different witches: diverse ages, social class, ethnicity, and a range of rituals…


In a series of portraits, Frances F. Denny sought to capture dozens of women who identify as witches. Her subjects are of diverse age, social class, and ethnicity, and practice a range of rituals. See more of the witches—and the items they hold dear: http://nyer.cm/cyPyzsf

Every human person is sacred and inviolable…


 “Every human person is sacred and inviolable. To ensure that a society has a future, it is necessary that a sense of respect be matured for the dignity of every person, no matter in what condition they find themselves. Chosen and loved by God, we are called to live “as is fitting among the saints” (Eph 5:3), to clothe ourselves with sentiments of goodness, humility, magnanimity, bearing the fruits of the Spirit.”
Pope Francis

God, be merciful to me , a sinner…


 “In this season of Lent, with contrite hearts let us quietly say, God, be merciful to me, a sinner! Let us do so together: God, be merciful to me, a sinner! God, when I forget you or I neglect you, when I prefer my words and those of the world to your own word, when I presume to be righteous and look down on others, when I gossip about others, God, be merciful to me, a sinner! When I care nothing for those all around me, when I’m indifferent to the poor and the suffering, the weak and the outcast, God, be merciful to me, a sinner! For my sins against life, for my bad example that mars the lovely face of Mother Church, for my sins against creation, God, be merciful to me, a sinner! For my falsehoods, my duplicity, my lack of honesty and integrity, God, be merciful to me, a sinner! For my hidden sins, which no one knows, for the ways in which I have unconsciously wronged others, and for the good I could have done and yet failed to do, God, be merciful to me, a sinner.”

We need mercy…


 “We are sinners and in need of mercy like the air we breathe. Willingness to convert – to allow ourselves to be purified, to change our lives – is a sign of courage, and of strength. Let us ask the grace to be surprised every day by God’s mercy and to see the various circumstances of life, even the ones that are the most difficult to accept, as occasions to do good.”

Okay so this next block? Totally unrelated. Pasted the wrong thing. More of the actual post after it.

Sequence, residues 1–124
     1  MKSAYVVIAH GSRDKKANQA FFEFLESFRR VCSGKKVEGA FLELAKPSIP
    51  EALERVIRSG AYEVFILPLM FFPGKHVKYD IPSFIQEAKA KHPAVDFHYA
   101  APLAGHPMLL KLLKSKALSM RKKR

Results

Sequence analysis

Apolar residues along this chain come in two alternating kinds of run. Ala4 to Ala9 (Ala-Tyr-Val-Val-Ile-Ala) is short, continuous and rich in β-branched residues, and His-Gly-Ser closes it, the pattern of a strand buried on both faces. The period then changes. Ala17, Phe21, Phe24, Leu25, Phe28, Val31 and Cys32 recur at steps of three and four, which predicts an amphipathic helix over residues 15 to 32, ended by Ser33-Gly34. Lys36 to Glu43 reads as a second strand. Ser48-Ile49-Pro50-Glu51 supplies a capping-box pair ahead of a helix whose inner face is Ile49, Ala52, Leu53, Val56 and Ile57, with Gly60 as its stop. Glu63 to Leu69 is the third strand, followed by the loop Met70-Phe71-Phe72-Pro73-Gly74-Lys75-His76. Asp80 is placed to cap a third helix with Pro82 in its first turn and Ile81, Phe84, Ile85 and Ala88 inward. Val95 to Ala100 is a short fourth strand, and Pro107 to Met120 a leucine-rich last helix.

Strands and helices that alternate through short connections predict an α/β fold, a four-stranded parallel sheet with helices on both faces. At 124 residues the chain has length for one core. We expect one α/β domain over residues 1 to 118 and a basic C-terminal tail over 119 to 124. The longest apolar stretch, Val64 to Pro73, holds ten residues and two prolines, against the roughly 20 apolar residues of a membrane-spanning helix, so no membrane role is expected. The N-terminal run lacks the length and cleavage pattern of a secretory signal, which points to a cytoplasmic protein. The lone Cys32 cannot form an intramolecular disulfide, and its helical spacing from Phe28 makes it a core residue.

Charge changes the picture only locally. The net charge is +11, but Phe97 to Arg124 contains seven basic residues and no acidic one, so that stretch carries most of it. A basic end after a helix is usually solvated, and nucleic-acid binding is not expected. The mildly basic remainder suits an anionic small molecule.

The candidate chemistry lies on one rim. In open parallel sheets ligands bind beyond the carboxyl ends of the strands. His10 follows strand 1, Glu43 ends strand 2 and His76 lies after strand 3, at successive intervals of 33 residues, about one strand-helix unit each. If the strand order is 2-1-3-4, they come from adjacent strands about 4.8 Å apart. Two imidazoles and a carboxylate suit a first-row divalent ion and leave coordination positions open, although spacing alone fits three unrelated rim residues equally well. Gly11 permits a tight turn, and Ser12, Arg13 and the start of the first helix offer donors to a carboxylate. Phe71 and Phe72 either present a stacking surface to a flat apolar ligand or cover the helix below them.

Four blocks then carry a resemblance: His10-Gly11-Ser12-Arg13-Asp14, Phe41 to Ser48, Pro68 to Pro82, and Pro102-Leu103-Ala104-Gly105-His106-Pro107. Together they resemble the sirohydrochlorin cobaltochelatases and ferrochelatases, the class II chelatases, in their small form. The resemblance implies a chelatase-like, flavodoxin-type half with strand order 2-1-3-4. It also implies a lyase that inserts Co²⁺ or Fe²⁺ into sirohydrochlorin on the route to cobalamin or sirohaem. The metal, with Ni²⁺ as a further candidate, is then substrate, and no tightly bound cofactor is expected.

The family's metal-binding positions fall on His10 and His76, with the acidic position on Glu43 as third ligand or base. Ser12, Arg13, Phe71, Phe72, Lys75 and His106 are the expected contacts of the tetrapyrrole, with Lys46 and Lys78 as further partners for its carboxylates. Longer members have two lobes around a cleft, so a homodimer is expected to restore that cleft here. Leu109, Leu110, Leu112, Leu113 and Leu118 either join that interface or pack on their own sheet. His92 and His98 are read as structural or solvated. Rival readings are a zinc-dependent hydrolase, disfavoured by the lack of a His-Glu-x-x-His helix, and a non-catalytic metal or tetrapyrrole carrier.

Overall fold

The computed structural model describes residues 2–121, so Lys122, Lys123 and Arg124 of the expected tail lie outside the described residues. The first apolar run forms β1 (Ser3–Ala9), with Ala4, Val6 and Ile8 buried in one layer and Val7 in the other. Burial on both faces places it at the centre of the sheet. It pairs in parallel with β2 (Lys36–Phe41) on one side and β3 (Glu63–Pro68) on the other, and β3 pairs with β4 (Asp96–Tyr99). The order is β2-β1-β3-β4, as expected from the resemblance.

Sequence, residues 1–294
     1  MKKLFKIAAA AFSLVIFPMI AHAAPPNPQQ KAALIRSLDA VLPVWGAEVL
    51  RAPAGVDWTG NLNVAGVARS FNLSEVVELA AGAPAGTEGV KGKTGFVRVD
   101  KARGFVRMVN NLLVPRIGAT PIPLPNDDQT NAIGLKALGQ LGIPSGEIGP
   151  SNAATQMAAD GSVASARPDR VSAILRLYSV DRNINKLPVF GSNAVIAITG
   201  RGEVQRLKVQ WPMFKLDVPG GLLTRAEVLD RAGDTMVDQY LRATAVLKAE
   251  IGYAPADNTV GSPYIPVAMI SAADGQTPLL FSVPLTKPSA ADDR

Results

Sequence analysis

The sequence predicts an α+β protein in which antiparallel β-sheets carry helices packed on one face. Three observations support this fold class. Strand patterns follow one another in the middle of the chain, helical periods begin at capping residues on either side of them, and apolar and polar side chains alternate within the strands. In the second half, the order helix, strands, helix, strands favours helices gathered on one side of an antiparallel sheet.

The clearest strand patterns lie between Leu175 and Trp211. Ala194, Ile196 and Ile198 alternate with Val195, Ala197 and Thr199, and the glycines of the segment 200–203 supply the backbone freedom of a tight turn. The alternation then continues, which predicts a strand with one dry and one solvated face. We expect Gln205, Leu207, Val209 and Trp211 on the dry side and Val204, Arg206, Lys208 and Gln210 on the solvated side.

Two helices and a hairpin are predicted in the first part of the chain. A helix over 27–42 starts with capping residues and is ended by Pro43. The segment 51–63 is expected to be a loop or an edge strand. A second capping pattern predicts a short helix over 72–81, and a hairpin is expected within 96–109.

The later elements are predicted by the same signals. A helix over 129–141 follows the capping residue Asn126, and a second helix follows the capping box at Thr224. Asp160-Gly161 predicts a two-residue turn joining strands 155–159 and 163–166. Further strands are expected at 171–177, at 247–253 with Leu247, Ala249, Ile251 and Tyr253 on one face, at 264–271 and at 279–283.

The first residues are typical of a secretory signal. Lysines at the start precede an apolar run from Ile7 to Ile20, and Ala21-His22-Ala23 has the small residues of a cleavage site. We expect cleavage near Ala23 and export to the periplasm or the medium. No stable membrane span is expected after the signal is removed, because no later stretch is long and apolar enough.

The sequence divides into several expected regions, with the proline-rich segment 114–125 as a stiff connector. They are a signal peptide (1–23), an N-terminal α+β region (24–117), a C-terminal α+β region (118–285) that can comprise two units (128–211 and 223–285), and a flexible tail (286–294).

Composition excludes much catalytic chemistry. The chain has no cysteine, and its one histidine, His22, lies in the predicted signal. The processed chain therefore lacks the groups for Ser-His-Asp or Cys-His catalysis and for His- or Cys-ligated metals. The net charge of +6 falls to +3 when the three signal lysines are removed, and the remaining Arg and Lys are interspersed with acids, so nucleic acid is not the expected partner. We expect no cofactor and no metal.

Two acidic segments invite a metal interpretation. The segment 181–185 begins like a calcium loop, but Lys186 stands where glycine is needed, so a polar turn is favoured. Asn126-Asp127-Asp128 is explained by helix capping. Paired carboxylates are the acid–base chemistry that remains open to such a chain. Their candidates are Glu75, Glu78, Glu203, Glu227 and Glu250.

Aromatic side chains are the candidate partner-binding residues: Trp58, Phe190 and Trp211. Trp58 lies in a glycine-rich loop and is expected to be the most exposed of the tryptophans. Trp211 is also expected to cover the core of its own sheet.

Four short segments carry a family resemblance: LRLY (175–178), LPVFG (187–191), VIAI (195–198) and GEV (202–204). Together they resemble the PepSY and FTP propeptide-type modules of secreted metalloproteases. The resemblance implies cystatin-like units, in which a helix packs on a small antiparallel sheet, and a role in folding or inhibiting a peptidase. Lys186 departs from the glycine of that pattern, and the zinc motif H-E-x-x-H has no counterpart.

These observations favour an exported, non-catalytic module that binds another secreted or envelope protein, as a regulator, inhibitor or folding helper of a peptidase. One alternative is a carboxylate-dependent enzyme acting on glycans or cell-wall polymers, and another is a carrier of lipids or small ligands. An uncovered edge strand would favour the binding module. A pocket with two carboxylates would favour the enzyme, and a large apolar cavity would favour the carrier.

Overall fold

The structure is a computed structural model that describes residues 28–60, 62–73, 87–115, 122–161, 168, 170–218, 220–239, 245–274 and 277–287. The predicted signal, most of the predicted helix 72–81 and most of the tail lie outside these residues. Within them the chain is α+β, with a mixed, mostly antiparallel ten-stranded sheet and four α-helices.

Pope Francis

It’s the birthday of poet Nizar Qabbani (books by this author), born in Damascus, Syria (1923). His mother, who was illiterate, sold her jewelry to raise money to publish his first anthology, Childhood of a Bosom (1948), and he went on to become the most popular Arab poet and to publish more than 20 books of poetry. Much of his poetry was influenced by the tragic deaths of two women he loved. When he was 15, his older sister committed suicide rather than be forced into marriage with a man she did not love, and he turned his attention to the situation of Arab women. He wrote romantic, sensual poems and poetry demonstrating the need for sexual equality and women’s rights. Many years later, in 1981, his second wife, an Iraqi woman, died during the Lebanese Civil War when the Iraqi Embassy was bombed. Qabbani was grief-stricken and frustrated with the political and cultural climate of the Arab world, and he lived in Europe for the rest of his life.
Qabbani said, “Don’t love deeply, till you make sure that the other part loves you with the same depth, because the depth of your love today, is the depth of your wound tomorrow.”

It is Spring

Between snow and cherry blossoms, the transformation begins…12758085137792458656

We awake in the present and no longer fear the past, or the future.

Death obsession leaves us and the new growth beckons to us

Transform with me.

Brothers, sisters, the Lord comes to us when we step back from our presumptuous ego…